This blog post originally appeared on the Stanford Social Innovation Review website.
Measurement, first and foremost, should be a tool for continuous improvement. But there is no denying that measurement can also attract money; a nonprofit that can demonstrate results and improvement is more inviting to potential donors than one that can’t.
So it’s worth exploring the potential your measurement work has to draw in funders. How? First, choose funder types that value the results you can bring to bear, and then provide the decision makers at those funders with the data and information they need—in the format and at the frequency they need.
This perspective emerges from research Peter Kim and two other colleagues undertook that identified three defining characteristics of a funding model: the primary type of funding, the funding decision maker, and the funder motivation. In the recent SSIR article “ Finding Your Funding Model,” they share that the vast majority of today’s large nonprofits got big not by diversifying their funding sources but by raising most of their money from a single type of funder—such as corporations or government or high-net-worth individuals—that most valued the results the nonprofit was generating. Further, these nonprofits became exceedingly good at catering to the needs and motivations of the decision makers at those funders by focusing their efforts, instead of pursuing every possible lead. Understanding why and how these individuals make decisions, it turns out, is the single best way to unlock dollars.
How can you begin the process? The first step is determining which funder type is the most natural match for your mission. Consider the experience of a multi-service, youth-serving nonprofit we recently worked with. Its leaders reviewed historical financials, benchmarked peers, and analyzed anticipated trends in funding sources. It ultimately landed on school districts as the natural funder, given the academic outcomes the organization generated for youth, the availability of multi-year funding streams for these youth, and the support the organization musters for its work among teachers and principals in various districts.
Once you have a primary funding type in mind, the task becomes determining who actually makes the decisions at each funder. A common pitfall is assuming the decision maker is the person who writes the check or screams the loudest. That was initially the case for our youth-serving client, but upon deeper inspection, they were surprised to learn that in their largest district of service, a mid-level administrator at the central office held undue sway over how the budget team allocated funds to nonprofit providers.
With the decision makers in your sights, it’s important to home in on exactly what motivates them—don’t assume you know, even if you’ve spent considerable time with them in the past. At the youth agency, a more direct discussion with the primary decision maker revealed how the district saw the organization fitting within their forthcoming strategic plan. Most importantly, its leaders learned that the primary outcome they had been reporting to the district—high school graduation rate—was of far less significance than quantifying how much money the organization was saving the district each year by preventing youth from dropping out. A simple reframing of an outcome it already measured would go a long way to helping the decision maker internally advocate for the organization. And further, the decision maker shared the importance of having the organization’s students and parents share testimonials at the annual board meeting where the budget was debated—a tactic it had never used before.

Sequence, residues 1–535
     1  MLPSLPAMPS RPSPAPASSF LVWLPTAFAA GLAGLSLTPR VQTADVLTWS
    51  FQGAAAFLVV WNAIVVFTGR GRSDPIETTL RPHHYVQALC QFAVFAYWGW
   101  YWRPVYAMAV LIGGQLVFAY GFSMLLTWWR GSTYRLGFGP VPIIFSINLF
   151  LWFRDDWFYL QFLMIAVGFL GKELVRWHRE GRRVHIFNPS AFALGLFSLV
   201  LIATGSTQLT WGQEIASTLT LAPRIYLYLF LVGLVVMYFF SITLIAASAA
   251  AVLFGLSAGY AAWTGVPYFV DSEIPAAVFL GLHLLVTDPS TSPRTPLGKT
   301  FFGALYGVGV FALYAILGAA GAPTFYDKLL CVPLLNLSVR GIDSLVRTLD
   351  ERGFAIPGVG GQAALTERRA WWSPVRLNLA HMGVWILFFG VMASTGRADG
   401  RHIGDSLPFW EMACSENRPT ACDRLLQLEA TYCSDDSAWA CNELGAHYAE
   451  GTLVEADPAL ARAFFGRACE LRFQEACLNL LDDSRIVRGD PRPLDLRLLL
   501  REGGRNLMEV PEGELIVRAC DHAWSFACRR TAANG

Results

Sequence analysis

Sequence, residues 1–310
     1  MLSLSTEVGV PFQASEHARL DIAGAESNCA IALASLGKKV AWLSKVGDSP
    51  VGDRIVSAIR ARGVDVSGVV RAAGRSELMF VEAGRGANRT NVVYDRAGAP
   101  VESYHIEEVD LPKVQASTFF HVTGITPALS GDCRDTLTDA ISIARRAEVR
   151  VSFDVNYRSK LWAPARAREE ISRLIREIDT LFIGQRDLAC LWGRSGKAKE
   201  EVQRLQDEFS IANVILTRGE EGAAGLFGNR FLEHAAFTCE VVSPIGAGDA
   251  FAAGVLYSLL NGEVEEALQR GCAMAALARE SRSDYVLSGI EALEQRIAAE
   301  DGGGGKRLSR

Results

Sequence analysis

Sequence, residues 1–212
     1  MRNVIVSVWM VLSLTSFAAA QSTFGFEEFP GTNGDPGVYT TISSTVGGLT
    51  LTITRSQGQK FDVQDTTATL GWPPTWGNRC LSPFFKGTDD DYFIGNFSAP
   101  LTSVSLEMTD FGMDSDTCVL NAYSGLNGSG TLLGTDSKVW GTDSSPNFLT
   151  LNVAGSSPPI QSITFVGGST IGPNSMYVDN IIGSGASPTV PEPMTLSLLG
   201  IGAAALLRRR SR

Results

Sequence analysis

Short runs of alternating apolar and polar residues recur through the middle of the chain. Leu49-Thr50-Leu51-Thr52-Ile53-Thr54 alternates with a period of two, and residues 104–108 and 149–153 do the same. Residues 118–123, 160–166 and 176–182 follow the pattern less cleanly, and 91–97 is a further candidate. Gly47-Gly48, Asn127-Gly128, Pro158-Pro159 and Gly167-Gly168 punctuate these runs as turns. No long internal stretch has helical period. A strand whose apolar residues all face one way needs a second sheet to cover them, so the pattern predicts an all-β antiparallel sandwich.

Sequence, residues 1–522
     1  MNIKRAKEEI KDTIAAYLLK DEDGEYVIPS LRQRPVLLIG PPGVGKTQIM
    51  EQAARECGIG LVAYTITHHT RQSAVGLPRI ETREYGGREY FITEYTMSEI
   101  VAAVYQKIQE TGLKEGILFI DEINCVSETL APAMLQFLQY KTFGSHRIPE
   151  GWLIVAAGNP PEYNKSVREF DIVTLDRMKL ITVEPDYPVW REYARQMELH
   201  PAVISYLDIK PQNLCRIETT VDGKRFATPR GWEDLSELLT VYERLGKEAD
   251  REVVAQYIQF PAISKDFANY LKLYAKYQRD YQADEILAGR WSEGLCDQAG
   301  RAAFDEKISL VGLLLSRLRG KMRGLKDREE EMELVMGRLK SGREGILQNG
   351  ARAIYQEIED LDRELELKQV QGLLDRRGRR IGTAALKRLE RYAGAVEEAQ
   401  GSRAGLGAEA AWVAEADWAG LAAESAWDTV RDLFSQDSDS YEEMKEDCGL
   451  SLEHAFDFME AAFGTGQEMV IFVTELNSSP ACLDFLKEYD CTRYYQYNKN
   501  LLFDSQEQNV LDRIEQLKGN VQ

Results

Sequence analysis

Important questions to answer at this stage: Does the decision maker care more about the benefits you create for clients or benefits you create for the funder? If the former, what balance of rigorously collected, aggregate data and individual success stories is ideal? And how frequently, and through what medium, does the decision maker prefer to communicate? A key pitfall to avoid is focusing on measures that are relevant to funders but that distort the reality of what you are trying to achieve. The youth agency we worked with was comfortable reporting a new metric because it was consistent with the aims of its program, and the expected return of greater funding outweighed the cost to track and report it.
Every nonprofit leader dreams of having funders who say, “Don’t create anything special for us—we’ll be happy reviewing the indicators you already use to manage your organization.” Unless that scenario becomes the norm, the best nonprofits can do is to more intentionally find the “natural funders” that align with their outcomes, and to determine how best to communicate their outcomes in a way that inspires and influences the decision maker.
How have you used measurement to support your funding efforts?
Peter Kim is a manager in Bridgespan’s New York City office, where he focuses on growth strategies for nonprofits in the education, youth development, and environmental domains. He is co-author of the Stanford Social Innovation Review articles “Ten Nonprofit Funding Models” (Spring 2009) and “Finding Your Funding Model” (Fall 2011).